‘Serve justice now, convict Ampatuans’
Nine years after the Maguindanao massacre, known as the single deadliest attack on journalists and the worst electoral violence recorded in the country, the quest for justice of families of 58 victims and their supporters continues.
On Sunday, more than 200 relatives of victims and journalists from Mindanao and Metro Manila lighted candles and offered flowers at the massacre site at Sitio Masalay in Ampatuan town, Maguindanao province, to mark the ninth anniversary of the massacre.
Nonoy Espina, national chair of the National Union of Journalists of the Philippines, said the families of the victims had urged the government to “serve justice now [and] convict the Ampatuans.”
Family members burned a tarpaulin, which bore the images of Ampatuan brothers Zaldy and Andal “Unsay” Jr. and others at the massacre site.
Of the 58 victims, 32 were media workers. The body of photojournalist Reynaldo Momay is still missing but the court included him among the victims of the massacre on Nov. 23, 2009.
They were on their way to Shariff Aguak town to file then Buluan Vice Mayor and now Maguindanao Gov. Esmael “Toto” Mangudadatu’s certificate of candidacy for governor in the May 2010 elections when the convoy was flagged down.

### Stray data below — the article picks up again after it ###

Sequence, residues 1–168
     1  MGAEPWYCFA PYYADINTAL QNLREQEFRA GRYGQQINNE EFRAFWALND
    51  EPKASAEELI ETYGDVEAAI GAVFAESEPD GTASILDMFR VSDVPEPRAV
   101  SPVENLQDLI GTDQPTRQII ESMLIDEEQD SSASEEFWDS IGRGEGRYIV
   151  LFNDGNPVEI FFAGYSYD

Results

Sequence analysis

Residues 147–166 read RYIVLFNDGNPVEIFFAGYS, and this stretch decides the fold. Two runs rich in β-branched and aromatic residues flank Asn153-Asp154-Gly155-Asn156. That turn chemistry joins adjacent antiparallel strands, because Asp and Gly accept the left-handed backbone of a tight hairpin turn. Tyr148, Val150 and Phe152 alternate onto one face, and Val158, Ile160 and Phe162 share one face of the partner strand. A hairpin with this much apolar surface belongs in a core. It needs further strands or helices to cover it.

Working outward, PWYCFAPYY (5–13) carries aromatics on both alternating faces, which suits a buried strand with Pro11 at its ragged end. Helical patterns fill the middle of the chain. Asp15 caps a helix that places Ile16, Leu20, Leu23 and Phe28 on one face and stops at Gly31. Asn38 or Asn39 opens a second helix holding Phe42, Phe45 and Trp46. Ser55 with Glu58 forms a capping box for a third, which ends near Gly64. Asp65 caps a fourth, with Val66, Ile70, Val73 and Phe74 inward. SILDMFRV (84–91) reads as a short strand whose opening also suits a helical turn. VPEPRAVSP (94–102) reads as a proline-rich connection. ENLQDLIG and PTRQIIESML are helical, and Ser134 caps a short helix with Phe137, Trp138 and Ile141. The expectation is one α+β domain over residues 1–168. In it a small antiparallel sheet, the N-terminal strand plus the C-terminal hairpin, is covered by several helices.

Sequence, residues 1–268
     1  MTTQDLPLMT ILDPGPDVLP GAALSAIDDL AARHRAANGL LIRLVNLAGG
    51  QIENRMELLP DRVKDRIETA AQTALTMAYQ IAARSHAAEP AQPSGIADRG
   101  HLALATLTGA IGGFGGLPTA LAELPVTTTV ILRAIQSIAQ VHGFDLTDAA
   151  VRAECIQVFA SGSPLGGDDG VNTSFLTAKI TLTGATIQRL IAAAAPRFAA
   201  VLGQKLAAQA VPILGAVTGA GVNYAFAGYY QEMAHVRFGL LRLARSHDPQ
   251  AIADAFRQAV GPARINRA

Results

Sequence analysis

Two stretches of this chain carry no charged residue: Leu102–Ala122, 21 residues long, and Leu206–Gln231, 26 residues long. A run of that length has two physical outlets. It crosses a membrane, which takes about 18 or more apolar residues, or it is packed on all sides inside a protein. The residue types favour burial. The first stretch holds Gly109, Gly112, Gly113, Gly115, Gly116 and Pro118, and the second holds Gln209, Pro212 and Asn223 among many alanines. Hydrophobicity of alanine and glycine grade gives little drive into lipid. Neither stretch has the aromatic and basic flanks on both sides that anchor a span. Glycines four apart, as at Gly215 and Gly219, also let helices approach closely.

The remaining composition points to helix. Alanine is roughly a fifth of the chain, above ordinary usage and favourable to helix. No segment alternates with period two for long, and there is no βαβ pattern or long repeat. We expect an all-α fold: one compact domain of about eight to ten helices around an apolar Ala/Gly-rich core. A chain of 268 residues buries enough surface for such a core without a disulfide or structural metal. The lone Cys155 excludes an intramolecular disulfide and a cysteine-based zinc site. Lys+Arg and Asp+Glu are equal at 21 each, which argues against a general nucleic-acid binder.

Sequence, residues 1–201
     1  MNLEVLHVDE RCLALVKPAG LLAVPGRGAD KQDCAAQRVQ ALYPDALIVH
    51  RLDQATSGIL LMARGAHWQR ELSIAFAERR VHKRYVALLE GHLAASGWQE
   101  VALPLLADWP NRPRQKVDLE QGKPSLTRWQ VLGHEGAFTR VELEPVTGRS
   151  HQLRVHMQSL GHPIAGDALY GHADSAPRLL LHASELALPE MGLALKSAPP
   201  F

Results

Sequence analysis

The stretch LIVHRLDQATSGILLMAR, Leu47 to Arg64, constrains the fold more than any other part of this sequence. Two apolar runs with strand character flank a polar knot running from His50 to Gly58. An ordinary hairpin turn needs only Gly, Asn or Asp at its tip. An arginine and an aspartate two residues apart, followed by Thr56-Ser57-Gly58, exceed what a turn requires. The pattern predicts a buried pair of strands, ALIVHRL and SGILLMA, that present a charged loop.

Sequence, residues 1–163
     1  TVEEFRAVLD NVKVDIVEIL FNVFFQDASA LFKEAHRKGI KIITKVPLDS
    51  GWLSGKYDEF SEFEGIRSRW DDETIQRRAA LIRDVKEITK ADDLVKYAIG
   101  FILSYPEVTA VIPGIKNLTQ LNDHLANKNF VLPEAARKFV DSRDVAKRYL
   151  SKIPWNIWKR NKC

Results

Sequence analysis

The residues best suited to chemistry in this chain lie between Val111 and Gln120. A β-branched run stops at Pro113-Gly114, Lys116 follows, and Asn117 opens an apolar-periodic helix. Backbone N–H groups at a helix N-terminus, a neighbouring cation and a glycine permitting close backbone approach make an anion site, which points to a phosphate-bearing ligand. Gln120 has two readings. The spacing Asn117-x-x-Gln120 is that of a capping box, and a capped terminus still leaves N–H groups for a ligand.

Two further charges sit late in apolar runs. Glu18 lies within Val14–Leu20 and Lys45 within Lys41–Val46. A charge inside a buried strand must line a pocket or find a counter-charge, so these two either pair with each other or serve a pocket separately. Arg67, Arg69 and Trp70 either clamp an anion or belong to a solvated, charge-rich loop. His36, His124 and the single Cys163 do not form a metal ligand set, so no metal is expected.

The victims were gunned down on a hilltop. Among the casualties was Mangudadatu’s wife.
Maj. Gen. Cirilito Sobejana, commander of the Army’s 6th Infantry Division based at Camp Siongco in Awang, Maguindanao, ordered the deployment of troops along the national highway and at the massacre site on Nov. 17, a day before the visit of journalists and the victims’ families, to ensure their safety.
Nearly 200 people, including the late former Gov. Andal Ampatuan Sr. and his son, Andal Jr., were charged with multiple murder. Only 115 had been arrested.
The Maguindanao massacre trial started on Sept. 8, 2010, almost 10 months after the massacre.
The Quezon City Regional Trial Court has jurisdiction over the case, but the hearings are held in a Taguig City jail where the accused are detained. —Reports from Richel Umel and Inquirer Research
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